January 2005 archives
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27 January 2005
Seattle will play host to the Pacific Rim Sports Summit in June of this year. Nine Olympic sports will be contested, including synchronized swimming. This event is an attempt to provide high caliber international competition to US athletes. The nine participating countries include top synchronized swimming nations such as Canada, Japan and Russia. You can check out the official website for further details.
23 January 2005
I helped coach my first meet in the Northeastern United States yesterday. It was an Association meet, which basically means that two clubs in Connecticut competed against each other. Thanks in large part to the parents, who helped announce, score, prepare food, etc., the meet went off very well. I was very happy with the performance of our team.
The first meet of the year is always a little tough, as the routines are new and the athletes are not used to competiting in front of judges and spectators. I am hopeful that this meet will encourage them to work hard in upcoming practices, as they now know exactly what to improve for the next competition. It is important for coaches to review a competition with athletes, and point out things that were done well, and areas that they will need attention. It is also very helpful to video the competition, and review the tape at the following practice. Coaches must then build time into practice for each area that needs work. This takes organization and time committment; it is all too easy to get stuck on one routine skill and not make time for other important skills, such as figures.
20 January 2005
Last week I made reference to the 2005 FINA World Championships in Montreal. FINA has decided to pull the competition from Montreal due to financial concerns, and is going to conduct a short bidding process to determine another host city for the event. Long Beach, which bid for the event prior to FINA awarding it to Montreal, won't consider saving the competition due to lack of time to prepare. Australia has also decided not to bid for this summer's event. Athens, Greece, may bid for the event. Germany is also talking about making a bid. FINA will make a decision in February as to where the meet will be located.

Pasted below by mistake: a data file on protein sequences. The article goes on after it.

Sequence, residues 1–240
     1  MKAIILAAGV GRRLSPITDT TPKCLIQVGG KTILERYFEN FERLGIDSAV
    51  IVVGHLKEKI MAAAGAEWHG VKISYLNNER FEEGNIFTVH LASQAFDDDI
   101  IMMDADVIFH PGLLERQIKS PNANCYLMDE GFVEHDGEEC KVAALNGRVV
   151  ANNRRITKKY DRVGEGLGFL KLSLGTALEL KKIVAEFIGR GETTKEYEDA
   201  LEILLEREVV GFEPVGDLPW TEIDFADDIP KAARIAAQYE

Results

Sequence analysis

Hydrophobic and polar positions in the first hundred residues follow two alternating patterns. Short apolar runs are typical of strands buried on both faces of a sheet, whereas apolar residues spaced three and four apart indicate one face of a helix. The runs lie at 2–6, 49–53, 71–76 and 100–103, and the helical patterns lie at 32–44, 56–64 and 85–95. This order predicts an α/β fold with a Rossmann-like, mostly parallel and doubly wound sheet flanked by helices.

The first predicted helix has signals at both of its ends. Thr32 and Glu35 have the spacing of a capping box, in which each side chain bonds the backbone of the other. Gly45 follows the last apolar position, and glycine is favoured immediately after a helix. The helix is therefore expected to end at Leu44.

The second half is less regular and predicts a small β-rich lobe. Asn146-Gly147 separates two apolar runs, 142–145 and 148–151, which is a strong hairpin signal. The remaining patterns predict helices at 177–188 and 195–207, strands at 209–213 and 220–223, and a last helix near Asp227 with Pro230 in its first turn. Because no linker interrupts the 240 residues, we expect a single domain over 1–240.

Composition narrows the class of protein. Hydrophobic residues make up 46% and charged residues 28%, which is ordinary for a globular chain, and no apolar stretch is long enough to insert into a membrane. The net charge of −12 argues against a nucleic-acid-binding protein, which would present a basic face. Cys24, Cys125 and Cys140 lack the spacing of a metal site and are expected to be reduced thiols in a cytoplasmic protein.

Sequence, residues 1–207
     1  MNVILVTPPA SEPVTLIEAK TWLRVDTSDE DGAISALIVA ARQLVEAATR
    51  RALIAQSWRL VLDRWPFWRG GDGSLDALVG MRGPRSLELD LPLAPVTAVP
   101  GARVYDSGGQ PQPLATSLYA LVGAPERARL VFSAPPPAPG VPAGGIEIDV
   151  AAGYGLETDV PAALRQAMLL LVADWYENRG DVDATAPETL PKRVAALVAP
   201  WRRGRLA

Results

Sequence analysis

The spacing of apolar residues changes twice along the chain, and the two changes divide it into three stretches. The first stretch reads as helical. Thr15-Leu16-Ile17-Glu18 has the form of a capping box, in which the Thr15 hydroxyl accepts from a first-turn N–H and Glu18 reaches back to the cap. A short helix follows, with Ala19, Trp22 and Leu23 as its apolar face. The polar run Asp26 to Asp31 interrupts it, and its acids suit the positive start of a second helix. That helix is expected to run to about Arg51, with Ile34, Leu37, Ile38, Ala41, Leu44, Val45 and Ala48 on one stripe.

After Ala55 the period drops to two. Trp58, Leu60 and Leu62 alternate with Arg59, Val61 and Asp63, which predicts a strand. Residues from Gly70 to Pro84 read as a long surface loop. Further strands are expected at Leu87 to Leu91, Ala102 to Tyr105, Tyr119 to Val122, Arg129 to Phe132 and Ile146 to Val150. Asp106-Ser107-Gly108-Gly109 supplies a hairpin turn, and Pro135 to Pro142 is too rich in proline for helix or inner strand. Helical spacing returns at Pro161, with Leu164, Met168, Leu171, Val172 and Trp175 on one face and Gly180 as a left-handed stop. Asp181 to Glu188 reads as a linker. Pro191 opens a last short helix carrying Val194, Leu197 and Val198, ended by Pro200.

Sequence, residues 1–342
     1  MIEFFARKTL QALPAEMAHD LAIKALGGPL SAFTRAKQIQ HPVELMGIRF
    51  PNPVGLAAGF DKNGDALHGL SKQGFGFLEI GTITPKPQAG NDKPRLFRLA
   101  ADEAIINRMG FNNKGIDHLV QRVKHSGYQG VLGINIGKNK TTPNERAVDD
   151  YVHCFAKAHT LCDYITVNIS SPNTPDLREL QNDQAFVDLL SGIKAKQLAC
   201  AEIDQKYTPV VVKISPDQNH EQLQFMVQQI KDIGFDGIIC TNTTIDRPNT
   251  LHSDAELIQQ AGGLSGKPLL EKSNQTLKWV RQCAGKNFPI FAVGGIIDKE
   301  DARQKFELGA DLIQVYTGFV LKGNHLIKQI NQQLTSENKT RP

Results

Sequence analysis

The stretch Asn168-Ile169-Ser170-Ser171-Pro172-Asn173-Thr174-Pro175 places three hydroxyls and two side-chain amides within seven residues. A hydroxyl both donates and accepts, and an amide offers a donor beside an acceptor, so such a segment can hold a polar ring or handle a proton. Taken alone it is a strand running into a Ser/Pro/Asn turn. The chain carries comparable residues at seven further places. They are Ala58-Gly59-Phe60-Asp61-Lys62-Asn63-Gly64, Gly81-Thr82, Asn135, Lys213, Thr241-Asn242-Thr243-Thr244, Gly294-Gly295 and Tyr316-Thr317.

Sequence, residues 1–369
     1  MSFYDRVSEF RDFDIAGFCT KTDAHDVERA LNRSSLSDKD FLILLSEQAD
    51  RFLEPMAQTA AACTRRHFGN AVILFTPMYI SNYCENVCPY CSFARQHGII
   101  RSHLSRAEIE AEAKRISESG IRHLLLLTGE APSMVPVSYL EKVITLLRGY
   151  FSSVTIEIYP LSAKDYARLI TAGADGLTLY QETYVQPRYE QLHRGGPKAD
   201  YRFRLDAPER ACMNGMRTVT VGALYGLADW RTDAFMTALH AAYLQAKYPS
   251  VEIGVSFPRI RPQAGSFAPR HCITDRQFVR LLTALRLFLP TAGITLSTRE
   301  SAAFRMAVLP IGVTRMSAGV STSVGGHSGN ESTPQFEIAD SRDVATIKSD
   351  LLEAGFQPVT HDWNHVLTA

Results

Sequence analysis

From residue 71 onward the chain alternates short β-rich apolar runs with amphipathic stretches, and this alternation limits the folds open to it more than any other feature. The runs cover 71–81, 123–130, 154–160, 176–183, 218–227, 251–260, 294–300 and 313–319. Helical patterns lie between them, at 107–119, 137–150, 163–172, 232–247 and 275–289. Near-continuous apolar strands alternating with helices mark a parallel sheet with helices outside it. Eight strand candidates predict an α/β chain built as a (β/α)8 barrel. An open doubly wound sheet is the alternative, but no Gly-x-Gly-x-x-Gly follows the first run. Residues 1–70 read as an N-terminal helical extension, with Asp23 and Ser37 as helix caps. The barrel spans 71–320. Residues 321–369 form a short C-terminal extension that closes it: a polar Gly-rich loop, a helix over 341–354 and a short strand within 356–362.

17 January 2005
As we practice each day with our synchronized swimming clubs, it is easy to forget that there are athletes and coaches around the country working towards similar goals. You might find it helpful to stay informed about sport in general by looking at other websites such as the US Olympic Committee's site. There is a section called "Tips" that includes information from top athletes in the country. The US Anti-Doping Agency's website also contains helpful information.
12 January 2005
The world championships for aquatic sports (synchronized swimming, diving, swimming and water polo) is held every other year. This year, the International Federation for aquatic sports (FINA) has awarded the event to Montreal, Canada. The organizers are now having problems regarding funding, and the event is in jeopardy. In a meeting yesterday, FINA gave Montreal until January 18th to secure funds to host the event. FINA may either move the event to another city, or as a last resort it may be cancelled. This would be a significant disappointment to synchro athletes, as this is typically the most prestigious event outside of the Olympic Games for National Team athletes.
Additional information can be found in related articles.
10 January 2005
It is the time of year now when athletes and coaches are completing the choreography of their new routines. For athletes, this can be a scary time. New routines are often physically difficult, especially if athletes are out of shape.
It is typical that coaches begin each fall season focusing on workouts and drills. Athletes benefit from this focus, and become more fit. However, as more and more time is spent on writing new routines for the upcoming season, there is less time at practice for fitness workouts and drills. As a result, athletes find new routines more difficult than would otherwise be the case.
There is a balance to be achieved between spending time on new routines, and allocating time for workouts. Coaches and athletes must remember that both are important. Additional time may be needed in order to achieve both tasks. However, I think it is always best to remember that quality is better than quantity. Long, unfocused hours at the pool will not achieve better results versus shorter, more focused training sessions. Athletes can also do workouts on their own time, such as running. Maintaining fitness will help athletes perform new routines well. It will also speed up the process of cleaning routines (defining each count and move in order to achieve synchronization).
synchronized swimming insights from an olympic gold medalist